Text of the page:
So, here's my catch-up post from tea last night to breakfast this morning, with some of my favorite stuff in the middle.
Tea yesterday evening:
The cake was quite good, it was dense and chewy, but moist with crisp edges. Very nice
Sadly, the tea never got to my desired strength (like I said, I don't make ANYTHING here). The color you see is just too light.
And now, dinner. To Abdel Wahhab, possibly the best upscale traditional Lebanese restaurant in Beirut, and my absolute favorite. The place is enormous:
Went with three friends and we ordered all our favorite mezze:
Fattoush, olives, labne with garlic, waraq 'enab (grape leaves/dolma), a standard plate of garnishes (radishes, onions, hot pepper, mint), and shanklish, a seriously aged cheese crumbled and mixed with olive oil, onions, tomato, and mint
Closeup of the waraq 'enab. These actually were not as good as they usually are here. They tasted great, but were not structurally sound - by which I mean they fell apart.
Kibbe Urfaliye - spiced raw ground lamb and burghul from Urfa (Şanlıurfa - Turkey, very similar to Turkish çiğ köfte). A variation on the well known kibbe neyye, with pine nuts, fried red onion, and parsley. This was AWESOME.
Fried chicken livers (meh, not a fan of liver, but my friend loves it). Below it, fried halloum cheese, also awesome. Seriously, seared cheese, it doesn't get much better!
R'aa'aat (rkakat) jibne, known to the rest of the world as Sigara Böreği, or in Iraq, Bourag. Fried cheese stuffed filo rolls. Mmmmm. Behind it, hummus b'lahme (hummus and meat, I think it was 'aawarma, or lamb confit), and batata ma' kizbara, fried cubes of potatoes with chopped coriander, garlic, and other spices. Lebanese LOVE their potatoes. Even traditional restaurants have fries on the menu. These are a much better option.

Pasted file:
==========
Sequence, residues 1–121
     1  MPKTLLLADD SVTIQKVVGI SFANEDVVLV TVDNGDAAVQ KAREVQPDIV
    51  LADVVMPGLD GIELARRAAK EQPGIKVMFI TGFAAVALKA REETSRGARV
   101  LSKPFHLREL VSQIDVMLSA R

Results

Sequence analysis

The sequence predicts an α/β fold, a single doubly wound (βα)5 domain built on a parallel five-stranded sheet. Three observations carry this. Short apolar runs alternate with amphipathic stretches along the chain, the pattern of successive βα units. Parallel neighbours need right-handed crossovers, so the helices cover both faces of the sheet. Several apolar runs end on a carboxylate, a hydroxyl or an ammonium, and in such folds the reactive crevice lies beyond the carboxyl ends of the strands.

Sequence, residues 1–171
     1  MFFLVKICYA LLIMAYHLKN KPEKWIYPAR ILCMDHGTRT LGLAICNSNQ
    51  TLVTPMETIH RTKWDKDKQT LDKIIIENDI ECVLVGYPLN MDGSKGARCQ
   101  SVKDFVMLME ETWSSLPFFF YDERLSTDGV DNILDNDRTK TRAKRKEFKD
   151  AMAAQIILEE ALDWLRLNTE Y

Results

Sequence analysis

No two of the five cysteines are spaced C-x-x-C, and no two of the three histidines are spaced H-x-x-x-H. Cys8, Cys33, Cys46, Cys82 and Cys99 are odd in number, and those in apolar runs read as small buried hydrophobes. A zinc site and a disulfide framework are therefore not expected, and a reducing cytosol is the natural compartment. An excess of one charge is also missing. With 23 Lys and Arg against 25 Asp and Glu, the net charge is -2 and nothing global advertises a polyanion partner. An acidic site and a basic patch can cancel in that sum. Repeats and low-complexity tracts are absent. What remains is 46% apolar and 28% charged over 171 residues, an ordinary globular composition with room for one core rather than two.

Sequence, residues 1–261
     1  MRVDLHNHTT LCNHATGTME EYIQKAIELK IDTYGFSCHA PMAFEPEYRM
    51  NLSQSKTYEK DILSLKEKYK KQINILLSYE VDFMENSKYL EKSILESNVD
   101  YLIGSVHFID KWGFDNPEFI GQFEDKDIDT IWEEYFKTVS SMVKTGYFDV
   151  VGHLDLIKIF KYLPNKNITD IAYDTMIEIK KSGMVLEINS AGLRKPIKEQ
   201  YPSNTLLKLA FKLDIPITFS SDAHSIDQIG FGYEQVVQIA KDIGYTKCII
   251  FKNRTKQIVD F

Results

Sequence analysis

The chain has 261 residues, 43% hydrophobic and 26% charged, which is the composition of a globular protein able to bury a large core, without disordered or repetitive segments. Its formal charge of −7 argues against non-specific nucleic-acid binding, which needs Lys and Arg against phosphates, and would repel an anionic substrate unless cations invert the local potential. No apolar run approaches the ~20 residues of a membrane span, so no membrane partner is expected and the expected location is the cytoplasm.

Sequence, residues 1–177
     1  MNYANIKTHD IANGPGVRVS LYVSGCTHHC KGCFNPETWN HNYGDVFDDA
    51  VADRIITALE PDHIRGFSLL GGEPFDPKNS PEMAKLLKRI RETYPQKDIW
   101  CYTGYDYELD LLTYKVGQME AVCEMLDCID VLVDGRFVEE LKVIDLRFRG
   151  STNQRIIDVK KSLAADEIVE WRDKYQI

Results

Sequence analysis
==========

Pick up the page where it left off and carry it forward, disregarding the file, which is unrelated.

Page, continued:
Closeup of the hummus and potatoes
Fresh bread. There are two kinds of Arabic bread here. The ultra thin, chewy kind, which always comes pre-packaged from the store, and this, which restaurants offer, the fresh-baked kind, which is thicker and softer, but when hot, quite delicious!
We opted out of coffee and desserts, because just up the street is my other favorite place in Beirut, Al-Falamanki. A sprawling old house with a huge garden (closed for winter), it's open 24/7, has really good food, and probably the best argile in Beirut. What did we do? Got more arak, two argiles, then Turkish coffee and, Lebanon's other great item of culinary fusion - a nutella and halawe saaj.
Here's the menu
The 'arak (or as Iraqis say, 'arag)
The saaj. It's sort of like a wider, much crispier crepe. filled as I said, with nutella and halawe, which is a soft, spreadable version of what most of the world knows as halwa.
And that was that. I could literally stay at Falamanki for hours on end, but my friends all had work the next day.
This morning, breakfast at home for a change:
Left to right: bread, coffee, marmalade, strawberry jam, a bunch of cheeses, including shari, za'tar, more jam, olive oil, a KILLER plain omelette, olives, and a plate of mint, tomato, and cucumber. Not shown: ubiquitous labne.
And the Turkish coffee I made: